We tried different stuffings for Thanksgiving. This is Carla’s Spoon Bread Dressing.
We tried different stuffings for Thanksgiving. This is Carla’s Spoon Bread Dressing. [ KATHY SAUNDERS | Special to the Times ]

I made Chef Carla Hall's Spoon Bread Dressing, which was a bit more like a corn pudding/cornbread that could be served in addition to the traditional filling. The texture was a heavenly combination of whole kernel corn and finely ground yellow cornmeal.

“This is the perfect recipe for people with small kitchens or little time,” Hall said when we told him we were making the dish. “Because it's a dip-flavored spoonbread, it's easier to make the cornbread ahead of time. I also love the smooth texture with turkey and gravy.”

We agreed. A note of personal preference: the bright yellow color of the dish dies down a bit with the addition of the poultry seasoning. I might cut that ingredient down a bit on my next try with this recipe because I liked the vibrant yellow color better. A couple of tasters suggested that we could also add cheese to this recipe.

4 tablespoons unsalted butter, softened

1 onion, finely chopped (1 cup)

1 celery stalk, finely diced (½ cup)

1 ½ teaspoons kosher salt

½ teaspoon poultry seasoning

2 cups whole milk

1 cup water

1 tablespoon sugar

1 cup fine stone-ground yellow cornmeal

1 (11-ounce) can whole kernel corn, drained

1 teaspoon baking powder

3 eggs

Preheat oven to 350 degrees. Use 1 tablespoon of butter to generously grease a 3-quart rectangular baking dish. In a large saucepan, melt the remaining 3 tablespoons of butter over medium heat. Add the onion, celery and salt. cook, stirring occasionally, for 4 minutes or until tender. Add poultry seasoning; cook and stir 1 minute.

Add milk, water and sugar; bring to a boil Continuously whisk the mixture as you pour in the cornmeal in a slow, steady stream. Cook, whisking constantly, for 5 minutes or until the cornmeal has absorbed all of the liquid and is thick and smooth. Remove from heat and add corn and baking powder. Let cool for 20 to 30 minutes or until lukewarm, stirring frequently to prevent lumps from forming.

In a large bowl, beat the eggs for 5 to 7 minutes or until pale yellow and very foamy with no liquid remaining. Add the beaten eggs, one-third at a time, to the cornmeal mixture, gently folding until just incorporated. Spread evenly in the prepared dish.

Bake 25 to 30 minutes or until golden brown and firm and tops spring back when touched gently. Let cool slightly before serving (spoon bread may fall over during cooling).

Source: Carla Hall

Slow Cooker Sausage Stuffing

We tried different stuffings for Thanksgiving. This is Slow Cooker Sausage Stuffing.
We tried different stuffings for Thanksgiving. This is Slow Cooker Sausage Stuffing. [ KATHY SAUNDERS | Special to the Times ]

Home cook Julie Overton made a slow cooker sausage stuffing that sounded like a great idea to save time and bread. Overall the flavors were traditional and satisfying but the filling was a bit soggy. We decided that the texture was a result of the steam not being able to escape from the slow cooker. We thought it might be worth making ahead of time and toasting it in the oven before serving. Also, be sure to cut the sausage into small pieces so they aren't so big that they overpower the plate.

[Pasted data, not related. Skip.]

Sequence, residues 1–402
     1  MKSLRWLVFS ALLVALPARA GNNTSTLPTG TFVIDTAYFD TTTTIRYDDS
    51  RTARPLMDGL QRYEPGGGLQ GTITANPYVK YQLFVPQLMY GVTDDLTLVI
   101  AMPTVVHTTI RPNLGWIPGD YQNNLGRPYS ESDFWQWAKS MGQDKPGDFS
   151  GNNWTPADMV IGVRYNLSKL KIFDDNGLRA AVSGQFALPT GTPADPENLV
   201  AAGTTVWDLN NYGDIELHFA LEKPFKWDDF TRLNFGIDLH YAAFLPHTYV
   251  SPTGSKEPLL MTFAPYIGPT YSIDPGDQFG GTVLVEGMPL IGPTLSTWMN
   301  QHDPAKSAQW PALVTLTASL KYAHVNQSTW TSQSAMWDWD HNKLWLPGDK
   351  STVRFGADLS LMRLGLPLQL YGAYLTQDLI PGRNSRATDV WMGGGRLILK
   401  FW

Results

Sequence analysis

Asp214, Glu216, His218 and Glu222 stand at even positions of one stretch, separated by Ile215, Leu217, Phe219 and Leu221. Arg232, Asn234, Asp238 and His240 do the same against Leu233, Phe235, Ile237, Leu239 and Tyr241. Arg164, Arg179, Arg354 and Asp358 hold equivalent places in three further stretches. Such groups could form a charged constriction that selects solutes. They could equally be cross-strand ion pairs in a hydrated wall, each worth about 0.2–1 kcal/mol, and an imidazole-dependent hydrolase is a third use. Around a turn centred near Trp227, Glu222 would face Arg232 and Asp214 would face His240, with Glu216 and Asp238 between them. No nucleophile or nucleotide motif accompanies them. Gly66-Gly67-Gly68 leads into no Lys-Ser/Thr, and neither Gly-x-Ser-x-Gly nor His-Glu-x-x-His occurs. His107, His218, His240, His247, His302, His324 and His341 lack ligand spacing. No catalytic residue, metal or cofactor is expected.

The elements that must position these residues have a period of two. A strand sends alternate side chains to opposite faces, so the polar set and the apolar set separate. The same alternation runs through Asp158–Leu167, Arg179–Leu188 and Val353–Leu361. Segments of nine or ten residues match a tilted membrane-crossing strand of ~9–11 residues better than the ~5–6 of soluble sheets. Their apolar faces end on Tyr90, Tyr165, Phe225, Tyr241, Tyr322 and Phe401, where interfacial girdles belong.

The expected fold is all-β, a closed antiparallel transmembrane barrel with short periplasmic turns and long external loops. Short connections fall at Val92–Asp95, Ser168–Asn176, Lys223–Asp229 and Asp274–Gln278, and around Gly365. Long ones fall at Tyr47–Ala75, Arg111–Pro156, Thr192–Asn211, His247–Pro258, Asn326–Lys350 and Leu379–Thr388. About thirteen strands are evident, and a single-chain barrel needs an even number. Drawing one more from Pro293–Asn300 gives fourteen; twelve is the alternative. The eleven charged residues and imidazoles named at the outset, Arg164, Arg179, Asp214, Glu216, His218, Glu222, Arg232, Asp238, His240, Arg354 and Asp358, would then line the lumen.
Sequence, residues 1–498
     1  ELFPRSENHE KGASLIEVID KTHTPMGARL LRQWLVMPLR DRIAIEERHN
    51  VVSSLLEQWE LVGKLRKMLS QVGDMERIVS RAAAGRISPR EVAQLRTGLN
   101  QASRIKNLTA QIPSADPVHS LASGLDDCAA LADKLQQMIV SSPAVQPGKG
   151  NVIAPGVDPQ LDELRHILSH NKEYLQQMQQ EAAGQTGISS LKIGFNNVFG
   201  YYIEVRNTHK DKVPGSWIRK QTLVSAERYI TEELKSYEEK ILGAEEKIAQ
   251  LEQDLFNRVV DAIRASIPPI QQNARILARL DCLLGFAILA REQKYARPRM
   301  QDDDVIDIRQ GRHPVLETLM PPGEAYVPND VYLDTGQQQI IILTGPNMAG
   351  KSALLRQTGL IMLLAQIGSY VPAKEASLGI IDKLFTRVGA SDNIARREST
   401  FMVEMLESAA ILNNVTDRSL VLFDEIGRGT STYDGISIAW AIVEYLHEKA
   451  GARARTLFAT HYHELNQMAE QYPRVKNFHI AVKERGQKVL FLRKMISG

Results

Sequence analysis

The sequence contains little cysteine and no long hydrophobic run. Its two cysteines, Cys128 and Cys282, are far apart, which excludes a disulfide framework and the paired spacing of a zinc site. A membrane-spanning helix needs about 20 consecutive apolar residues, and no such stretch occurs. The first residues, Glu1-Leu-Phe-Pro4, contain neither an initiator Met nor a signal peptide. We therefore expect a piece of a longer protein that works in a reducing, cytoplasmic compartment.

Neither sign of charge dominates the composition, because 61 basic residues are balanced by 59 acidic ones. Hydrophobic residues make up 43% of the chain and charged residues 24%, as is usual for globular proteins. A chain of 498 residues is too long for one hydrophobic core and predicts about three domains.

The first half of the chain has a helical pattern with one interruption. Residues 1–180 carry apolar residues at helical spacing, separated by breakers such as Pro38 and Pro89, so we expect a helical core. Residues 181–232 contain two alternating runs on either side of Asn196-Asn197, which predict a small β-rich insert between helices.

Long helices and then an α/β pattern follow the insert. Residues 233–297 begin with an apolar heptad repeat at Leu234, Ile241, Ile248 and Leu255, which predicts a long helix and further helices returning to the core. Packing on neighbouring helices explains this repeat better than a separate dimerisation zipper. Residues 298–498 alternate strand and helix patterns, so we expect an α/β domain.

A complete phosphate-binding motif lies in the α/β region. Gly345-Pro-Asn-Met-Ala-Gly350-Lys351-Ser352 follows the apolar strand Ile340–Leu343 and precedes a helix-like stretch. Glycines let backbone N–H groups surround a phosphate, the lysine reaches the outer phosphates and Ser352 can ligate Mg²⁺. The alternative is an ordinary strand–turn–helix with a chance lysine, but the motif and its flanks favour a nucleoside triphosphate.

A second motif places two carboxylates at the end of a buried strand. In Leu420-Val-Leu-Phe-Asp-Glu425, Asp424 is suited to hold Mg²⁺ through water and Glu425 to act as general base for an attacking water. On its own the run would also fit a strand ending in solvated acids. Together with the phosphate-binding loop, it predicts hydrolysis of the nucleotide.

1 pound loaf French bread, diced into 1-inch cubes and allowed to dry out for about 12 hours

½ cup (1 stick) unsalted butter, diced into ¼-inch pieces

1 extra-large sweet Vidalia or yellow onion, diced small (about 2 cups)

1 cup celery, diced small

3 tablespoons fresh rosemary (sticks discarded), finely minced

3 tablespoons fresh sage (stems discarded), finely minced

2 tablespoons fresh thyme (sticks discarded), finely minced

1 teaspoon salt, or to taste

½ teaspoon freshly ground black pepper, or to taste

1 ½ cups low-sodium chicken broth

1 pound ground Italian sausage (sausage should be raw and not precooked)

¼ cup fresh flat-leaf Italian parsley

Place bread inside a 6-quart slow cooker that has been lined with slow cooker liner or sprayed with cooking spray. Let the bread dry and go stale for about 12 hours (overnight).

The next day, add the butter, onion, celery, rosemary, sage, thyme, salt, pepper, and chicken broth and stir to combine.

Evenly crumble raw sausage into small, bite-sized pieces over bread mixture.

Cover and simmer for about 4 to 5 hours, or until vegetables are tender and sausage is cooked through. (Slow cookers vary in intensity, so cook until done.)

Add sausage to bread mixture, taste and check balance of seasoning. Add more salt, pepper, or additional herbs if desired, to taste.

Add the parsley and stir to incorporate. Cover and cook for 5 minutes before serving. Adding the parsley at the end allows it to stay green.

The filling can be made up to 5 days in advance and refrigerated in an airtight container.

Source: food blogger Averie Sunshine at averiecooks.com